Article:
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i just spent a few hours out in the rain. i rate it as medium - steady, not light, but definitely not pounding either. it was nearly 70 degrees this morning, so i wore a gore tex hard shell with the armpit zips fully unzipped, a pair of running shorts, a t-shirt, and water sandals. 20 minutes in, i noted that while the jacket was keeping all the water out, the rain had stopped beading up on the fabric.
the beading up is important. gore tex, eVent, and other waterproof/breathable fabrics (a) benefit from frequent washing to keep the tiny pores clear so they can vent moisture and (b) don't work nearly as well if the outside of the fabric is wet - the water that collects on the outside also blocks vapor from coming through the pores. DWR, durable water repellant, is the treatment on the outside of your hard shell that helps water bead up and roll off, as opposed to saturating the fabric.
sometimes, you can rejuvenate DWR with a quick run through a warm (but not hot) clothes dryer. Some manufacturers even recommend using a warm iron to rejuvenate the factory-impregnated DWR. You can't go wrong by following the manufacturer's instructions. i would never put a warm or hot iron near a nylon shell jacket or pants because i would be too concerned about damaging the fabric, but Outdoor Research recommends using a warm iron or clothes dryer for its gore tex shells. i also don't put eVent garments in the clothes dryer because the manufacturers and the company that makes eVent seem to universally recommend drip-drying. (notably, though, most Gore Tex products and Gore favor running the garment in a warm dryer).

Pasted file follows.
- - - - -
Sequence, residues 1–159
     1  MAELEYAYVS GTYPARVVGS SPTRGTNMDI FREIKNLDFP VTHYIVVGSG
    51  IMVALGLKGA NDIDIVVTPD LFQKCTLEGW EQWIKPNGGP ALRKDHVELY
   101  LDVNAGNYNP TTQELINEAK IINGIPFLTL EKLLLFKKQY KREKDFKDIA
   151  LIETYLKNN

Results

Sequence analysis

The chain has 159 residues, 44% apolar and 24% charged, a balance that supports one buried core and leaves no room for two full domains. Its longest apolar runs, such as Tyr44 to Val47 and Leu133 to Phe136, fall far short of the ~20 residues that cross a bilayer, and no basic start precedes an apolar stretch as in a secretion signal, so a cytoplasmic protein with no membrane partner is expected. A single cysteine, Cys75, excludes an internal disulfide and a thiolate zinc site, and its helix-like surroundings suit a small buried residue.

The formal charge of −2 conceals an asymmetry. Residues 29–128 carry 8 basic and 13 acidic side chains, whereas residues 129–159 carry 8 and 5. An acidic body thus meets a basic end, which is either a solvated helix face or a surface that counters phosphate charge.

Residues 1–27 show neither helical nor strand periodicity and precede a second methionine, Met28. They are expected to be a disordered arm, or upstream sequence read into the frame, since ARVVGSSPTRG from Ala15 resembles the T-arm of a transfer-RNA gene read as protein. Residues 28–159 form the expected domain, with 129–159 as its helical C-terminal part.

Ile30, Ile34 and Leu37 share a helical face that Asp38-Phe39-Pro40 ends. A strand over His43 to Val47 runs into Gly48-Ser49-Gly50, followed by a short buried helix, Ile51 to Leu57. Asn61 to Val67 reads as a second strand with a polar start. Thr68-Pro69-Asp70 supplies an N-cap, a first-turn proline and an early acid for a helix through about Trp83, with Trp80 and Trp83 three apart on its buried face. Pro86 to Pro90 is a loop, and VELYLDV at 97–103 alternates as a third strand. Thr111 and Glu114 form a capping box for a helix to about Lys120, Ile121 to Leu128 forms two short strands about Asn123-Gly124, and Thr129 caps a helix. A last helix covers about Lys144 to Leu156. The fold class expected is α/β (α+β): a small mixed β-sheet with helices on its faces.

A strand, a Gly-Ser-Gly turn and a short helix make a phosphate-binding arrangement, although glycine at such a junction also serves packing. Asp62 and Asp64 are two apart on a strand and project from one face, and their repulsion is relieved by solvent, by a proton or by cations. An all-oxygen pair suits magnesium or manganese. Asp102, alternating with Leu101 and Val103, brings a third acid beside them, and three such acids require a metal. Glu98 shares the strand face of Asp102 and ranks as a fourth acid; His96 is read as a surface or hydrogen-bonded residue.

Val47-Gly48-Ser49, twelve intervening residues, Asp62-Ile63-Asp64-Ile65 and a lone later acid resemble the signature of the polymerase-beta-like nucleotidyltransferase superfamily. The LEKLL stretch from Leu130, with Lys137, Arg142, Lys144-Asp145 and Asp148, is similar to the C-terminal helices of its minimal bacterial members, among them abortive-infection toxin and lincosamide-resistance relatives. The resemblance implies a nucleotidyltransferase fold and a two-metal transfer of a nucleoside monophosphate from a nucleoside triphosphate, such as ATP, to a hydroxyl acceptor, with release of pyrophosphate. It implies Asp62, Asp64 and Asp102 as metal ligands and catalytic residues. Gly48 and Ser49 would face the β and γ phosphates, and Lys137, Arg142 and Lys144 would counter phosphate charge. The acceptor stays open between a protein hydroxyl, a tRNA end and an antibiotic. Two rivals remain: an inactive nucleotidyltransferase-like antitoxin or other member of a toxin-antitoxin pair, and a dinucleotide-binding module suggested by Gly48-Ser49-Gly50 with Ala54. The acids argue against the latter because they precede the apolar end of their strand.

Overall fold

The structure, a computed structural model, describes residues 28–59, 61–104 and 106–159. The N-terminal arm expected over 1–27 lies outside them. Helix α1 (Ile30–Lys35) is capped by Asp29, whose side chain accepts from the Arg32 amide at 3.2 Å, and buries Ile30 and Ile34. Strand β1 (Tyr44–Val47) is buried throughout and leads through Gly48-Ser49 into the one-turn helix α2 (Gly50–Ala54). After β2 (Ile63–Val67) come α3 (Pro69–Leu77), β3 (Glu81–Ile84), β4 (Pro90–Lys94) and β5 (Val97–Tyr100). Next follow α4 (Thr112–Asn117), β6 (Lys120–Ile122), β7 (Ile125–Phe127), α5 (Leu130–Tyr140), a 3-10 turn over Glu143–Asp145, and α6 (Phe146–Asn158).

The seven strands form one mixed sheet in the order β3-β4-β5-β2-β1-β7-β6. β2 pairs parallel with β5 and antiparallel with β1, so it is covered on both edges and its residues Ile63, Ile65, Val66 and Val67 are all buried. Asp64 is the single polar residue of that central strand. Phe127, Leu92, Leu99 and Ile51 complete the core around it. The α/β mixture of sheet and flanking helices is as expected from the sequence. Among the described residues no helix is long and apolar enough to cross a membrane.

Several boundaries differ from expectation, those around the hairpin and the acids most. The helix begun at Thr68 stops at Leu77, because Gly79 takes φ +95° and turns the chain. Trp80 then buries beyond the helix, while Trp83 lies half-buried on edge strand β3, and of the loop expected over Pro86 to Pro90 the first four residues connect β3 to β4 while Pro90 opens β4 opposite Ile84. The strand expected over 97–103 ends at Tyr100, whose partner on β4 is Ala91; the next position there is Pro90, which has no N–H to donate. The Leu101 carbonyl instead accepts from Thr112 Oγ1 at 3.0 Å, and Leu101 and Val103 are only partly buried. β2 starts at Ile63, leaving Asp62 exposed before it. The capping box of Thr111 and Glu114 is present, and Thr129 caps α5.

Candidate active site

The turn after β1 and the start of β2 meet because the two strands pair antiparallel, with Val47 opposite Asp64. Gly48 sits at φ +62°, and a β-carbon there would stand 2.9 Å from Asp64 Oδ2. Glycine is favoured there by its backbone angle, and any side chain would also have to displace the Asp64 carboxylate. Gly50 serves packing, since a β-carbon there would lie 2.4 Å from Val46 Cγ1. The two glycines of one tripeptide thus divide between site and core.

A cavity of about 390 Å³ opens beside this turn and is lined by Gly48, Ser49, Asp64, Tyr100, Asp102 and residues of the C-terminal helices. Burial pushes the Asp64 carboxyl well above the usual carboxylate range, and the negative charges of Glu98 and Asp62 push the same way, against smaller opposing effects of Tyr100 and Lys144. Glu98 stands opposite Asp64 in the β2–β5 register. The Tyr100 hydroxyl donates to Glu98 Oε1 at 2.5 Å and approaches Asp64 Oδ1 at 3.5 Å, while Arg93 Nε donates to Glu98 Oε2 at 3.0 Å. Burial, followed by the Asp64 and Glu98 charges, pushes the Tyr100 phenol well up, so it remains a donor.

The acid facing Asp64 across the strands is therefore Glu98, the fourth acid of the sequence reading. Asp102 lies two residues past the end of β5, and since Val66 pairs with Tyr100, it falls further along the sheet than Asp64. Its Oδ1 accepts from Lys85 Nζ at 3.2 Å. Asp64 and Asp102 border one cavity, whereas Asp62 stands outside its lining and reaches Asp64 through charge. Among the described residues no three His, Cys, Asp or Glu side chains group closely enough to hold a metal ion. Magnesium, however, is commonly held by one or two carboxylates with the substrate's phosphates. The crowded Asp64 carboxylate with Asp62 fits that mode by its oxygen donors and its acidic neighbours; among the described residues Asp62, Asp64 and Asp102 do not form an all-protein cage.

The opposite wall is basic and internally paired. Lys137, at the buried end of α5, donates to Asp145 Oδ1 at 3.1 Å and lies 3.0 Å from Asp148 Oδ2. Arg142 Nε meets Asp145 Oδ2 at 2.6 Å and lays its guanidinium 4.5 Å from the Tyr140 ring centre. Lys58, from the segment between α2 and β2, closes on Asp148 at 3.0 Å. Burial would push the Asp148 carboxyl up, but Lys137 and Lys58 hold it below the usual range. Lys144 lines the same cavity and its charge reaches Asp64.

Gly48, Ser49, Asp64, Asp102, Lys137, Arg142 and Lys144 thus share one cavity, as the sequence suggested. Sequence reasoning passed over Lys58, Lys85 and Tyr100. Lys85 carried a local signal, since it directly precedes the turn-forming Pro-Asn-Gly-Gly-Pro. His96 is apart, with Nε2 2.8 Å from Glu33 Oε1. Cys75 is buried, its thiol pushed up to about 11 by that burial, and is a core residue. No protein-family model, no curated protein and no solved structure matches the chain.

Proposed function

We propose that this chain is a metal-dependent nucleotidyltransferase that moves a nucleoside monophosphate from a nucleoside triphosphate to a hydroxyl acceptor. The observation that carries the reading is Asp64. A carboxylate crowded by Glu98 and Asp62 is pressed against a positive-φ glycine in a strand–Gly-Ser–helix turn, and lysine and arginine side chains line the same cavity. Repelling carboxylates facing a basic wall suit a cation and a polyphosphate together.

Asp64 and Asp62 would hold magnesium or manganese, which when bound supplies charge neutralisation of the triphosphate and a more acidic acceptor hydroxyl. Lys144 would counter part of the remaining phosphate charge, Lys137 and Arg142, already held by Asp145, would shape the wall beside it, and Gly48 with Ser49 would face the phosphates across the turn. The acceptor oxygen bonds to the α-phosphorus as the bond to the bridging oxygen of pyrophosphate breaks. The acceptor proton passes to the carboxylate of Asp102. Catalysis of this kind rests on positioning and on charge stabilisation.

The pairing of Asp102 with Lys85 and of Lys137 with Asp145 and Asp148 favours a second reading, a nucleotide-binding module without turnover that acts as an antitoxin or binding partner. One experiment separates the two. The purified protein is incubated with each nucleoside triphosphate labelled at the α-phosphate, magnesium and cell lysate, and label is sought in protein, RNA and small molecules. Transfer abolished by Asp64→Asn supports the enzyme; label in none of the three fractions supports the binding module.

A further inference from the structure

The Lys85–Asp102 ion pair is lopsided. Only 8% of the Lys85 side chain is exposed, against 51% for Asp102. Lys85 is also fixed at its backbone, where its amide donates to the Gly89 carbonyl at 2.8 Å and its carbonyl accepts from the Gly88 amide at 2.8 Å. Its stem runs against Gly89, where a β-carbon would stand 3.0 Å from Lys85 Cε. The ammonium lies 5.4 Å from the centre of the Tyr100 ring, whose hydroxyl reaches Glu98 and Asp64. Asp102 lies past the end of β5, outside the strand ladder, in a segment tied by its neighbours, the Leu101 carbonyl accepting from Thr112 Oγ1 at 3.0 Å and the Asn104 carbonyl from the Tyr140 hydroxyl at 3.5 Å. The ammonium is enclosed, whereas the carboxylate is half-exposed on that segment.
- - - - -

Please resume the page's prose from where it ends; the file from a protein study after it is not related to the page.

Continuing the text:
While i generally check this before a big trip, properly cleaning and treating hard shells isn't part of my regular routine. i'm not at all surprised that my jacket needs a good clean and re-treat, i'm sure i haven't done that in months. and i wear this particular jacket quite a bit. it's in the washer now, along with my favorite pair of rain pants, running in warm water with nikwax tech wash or Sport Wash - i buy whatever is less expensive or on sale. though neither of these generates much in the way of soapy suds, you can get Sport Wash for high efficiency clothes washes like the front-loader we have at home.
another consideration is how to re-apply DWR. there are several brands. i have tried three of them, and they all seem to work about the same if you follow the instructions carefully. gore and eVent don't distinguish, saying spray-on or wash-in are both fine, but some manufacturers express a preference for spraying on. (wash-in means that right after you clean your jacket, you dump an ounce or two of the DWR into the washer and run it again. spray -on speaks for itself, you take the wet garment out of the washer, shake off the extra water, hang it, and spray the exterior with a spray bottle). i have tried spray-on treatments a few times, and honestly, i miss spots. and it's messy. i use wash-in DWR, whether the manufacturers recommend it or not, because it seems to be the only way i can get uniform results.